Ian’s class on Colour

Ian’s class on colour reminded me how my nursery used colour as punishment. 

Back in 2000, I was a three old living in Austria. Two older sisters, two parents, two guinea pigs, one Italian nursery. 

The Asilo Italiano a Vienna (Italian Nursery in Vienna), was, even by today’s standards, what you could describe as a progressive place for infants and children. It was a small school run by Monstessori-type colleagues who wore baggy, floral-patterned trousers, before Marc had even made them iconic.  We’d sit in a circle listening to Paolo, one of our teachers with shoulder-length hair, play Imagine on the guitar, we would eat home-cooked veggie-heavy meals, we’d learn interpretive dance. When we went out to parks, the teachers would encourage us little ones to defecate on the grass when we needed to go, so that we could fertilise the earth. 

Yet, in the midst of this hippie-goodness, the Asilo was sadly, a complete contradiction. Yes, everyone danced in a circle happily, when everyone was behaved; however, step out of line and the young teachers had devised a punishment as nuanced as it was cruel – a subtle but sharp whip for your sense of self. It’s important at this point in my story to point out that all the boys were given a baby-blue apron and I was, like all the other girls, given a pale pink one. When you misbehaved, you would be forced to wear the opposite-colour apron for the rest of the day and witness how your identity – how you and others perceive you – would be turned on its head. In particular, I will never forget one of my classmates, Laura la Birichina (Laura the Mischevious) who would regularly wear a blue apron. Needless to say, we would all, myself included, gang up on her. She was like those ants without antennae who get devoured by their friends and family – ‘Steve, mate, please don’t eat me, it’s me, Louis!’. Shut up Louis you freak – why aren’t you like the rest of us?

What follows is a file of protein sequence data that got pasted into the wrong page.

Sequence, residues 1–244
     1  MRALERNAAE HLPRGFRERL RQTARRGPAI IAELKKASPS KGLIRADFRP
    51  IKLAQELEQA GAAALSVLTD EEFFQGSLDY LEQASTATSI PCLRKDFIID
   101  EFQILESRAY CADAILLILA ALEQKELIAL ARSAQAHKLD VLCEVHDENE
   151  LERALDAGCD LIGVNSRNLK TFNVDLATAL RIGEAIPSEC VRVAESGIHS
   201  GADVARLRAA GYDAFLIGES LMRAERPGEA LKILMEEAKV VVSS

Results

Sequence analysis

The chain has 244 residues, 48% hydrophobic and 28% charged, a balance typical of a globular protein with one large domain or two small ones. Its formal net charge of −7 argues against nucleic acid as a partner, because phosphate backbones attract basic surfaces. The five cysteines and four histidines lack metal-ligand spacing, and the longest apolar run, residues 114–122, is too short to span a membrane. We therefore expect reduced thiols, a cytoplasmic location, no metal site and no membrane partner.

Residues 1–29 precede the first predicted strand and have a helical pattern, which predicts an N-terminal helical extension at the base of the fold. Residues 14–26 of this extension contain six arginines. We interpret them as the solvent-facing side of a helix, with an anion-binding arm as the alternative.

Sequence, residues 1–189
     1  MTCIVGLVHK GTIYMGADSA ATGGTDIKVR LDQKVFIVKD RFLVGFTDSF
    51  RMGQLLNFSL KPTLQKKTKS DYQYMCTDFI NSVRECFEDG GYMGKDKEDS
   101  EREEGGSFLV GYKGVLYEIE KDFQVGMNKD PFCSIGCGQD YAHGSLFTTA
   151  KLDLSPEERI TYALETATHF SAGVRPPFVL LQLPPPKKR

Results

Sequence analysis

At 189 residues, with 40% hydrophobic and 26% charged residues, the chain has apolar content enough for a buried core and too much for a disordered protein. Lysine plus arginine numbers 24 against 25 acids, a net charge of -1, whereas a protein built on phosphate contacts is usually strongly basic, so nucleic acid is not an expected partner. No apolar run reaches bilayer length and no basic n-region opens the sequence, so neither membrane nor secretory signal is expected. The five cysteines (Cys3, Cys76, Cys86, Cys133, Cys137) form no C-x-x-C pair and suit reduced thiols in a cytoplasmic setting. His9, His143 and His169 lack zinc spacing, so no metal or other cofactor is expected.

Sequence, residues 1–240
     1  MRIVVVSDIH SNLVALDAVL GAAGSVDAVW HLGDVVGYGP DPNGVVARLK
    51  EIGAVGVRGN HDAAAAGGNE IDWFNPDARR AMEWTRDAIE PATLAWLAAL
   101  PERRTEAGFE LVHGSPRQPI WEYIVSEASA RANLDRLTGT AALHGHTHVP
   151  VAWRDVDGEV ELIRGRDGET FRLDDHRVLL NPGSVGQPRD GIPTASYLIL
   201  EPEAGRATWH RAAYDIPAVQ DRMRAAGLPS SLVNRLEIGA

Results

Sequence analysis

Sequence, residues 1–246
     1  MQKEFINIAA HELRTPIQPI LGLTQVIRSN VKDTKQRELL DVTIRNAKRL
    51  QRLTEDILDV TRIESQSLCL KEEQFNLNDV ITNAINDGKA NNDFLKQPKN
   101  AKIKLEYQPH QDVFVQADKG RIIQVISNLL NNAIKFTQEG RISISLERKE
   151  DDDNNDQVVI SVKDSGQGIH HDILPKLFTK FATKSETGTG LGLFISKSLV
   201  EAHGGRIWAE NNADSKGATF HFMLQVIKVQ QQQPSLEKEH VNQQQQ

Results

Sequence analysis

I wore the blue apron once and I will never forget it. The teacher tapped me on my shoulder and brought me into a little room to change. When I stepped out, the everyone was dead silent and all my were classmates staring at me with contempt and pleasure – nothing like seeing one of your own go down.   

Needless to say, this act of pure sadism could not have been possible without social prescriptions on colour. Pink is for girls. Blue is for boys, it just seems so inevitable. As Ian pointed out, colour is emotion, state, action. Colour dictates, almost instantly, a visceral reaction. What can that teach us about branding and advertising? Essentially almost everything. Orange is playful and cheap – think EasyJet, Sainsbury’s. Purple is regal and expensive – NatWest, The Crown. Green is clean – I can’t even begin to list all the ‘clean energy companies’ or ‘green initiatives’ that use this colour. Pink – flirty and girly – Barbie’s been everywhere these months. 

Blue? For most, a symbol of authority, masculinity, safety. For me? Just the reminder of my first (of many) social demises. 


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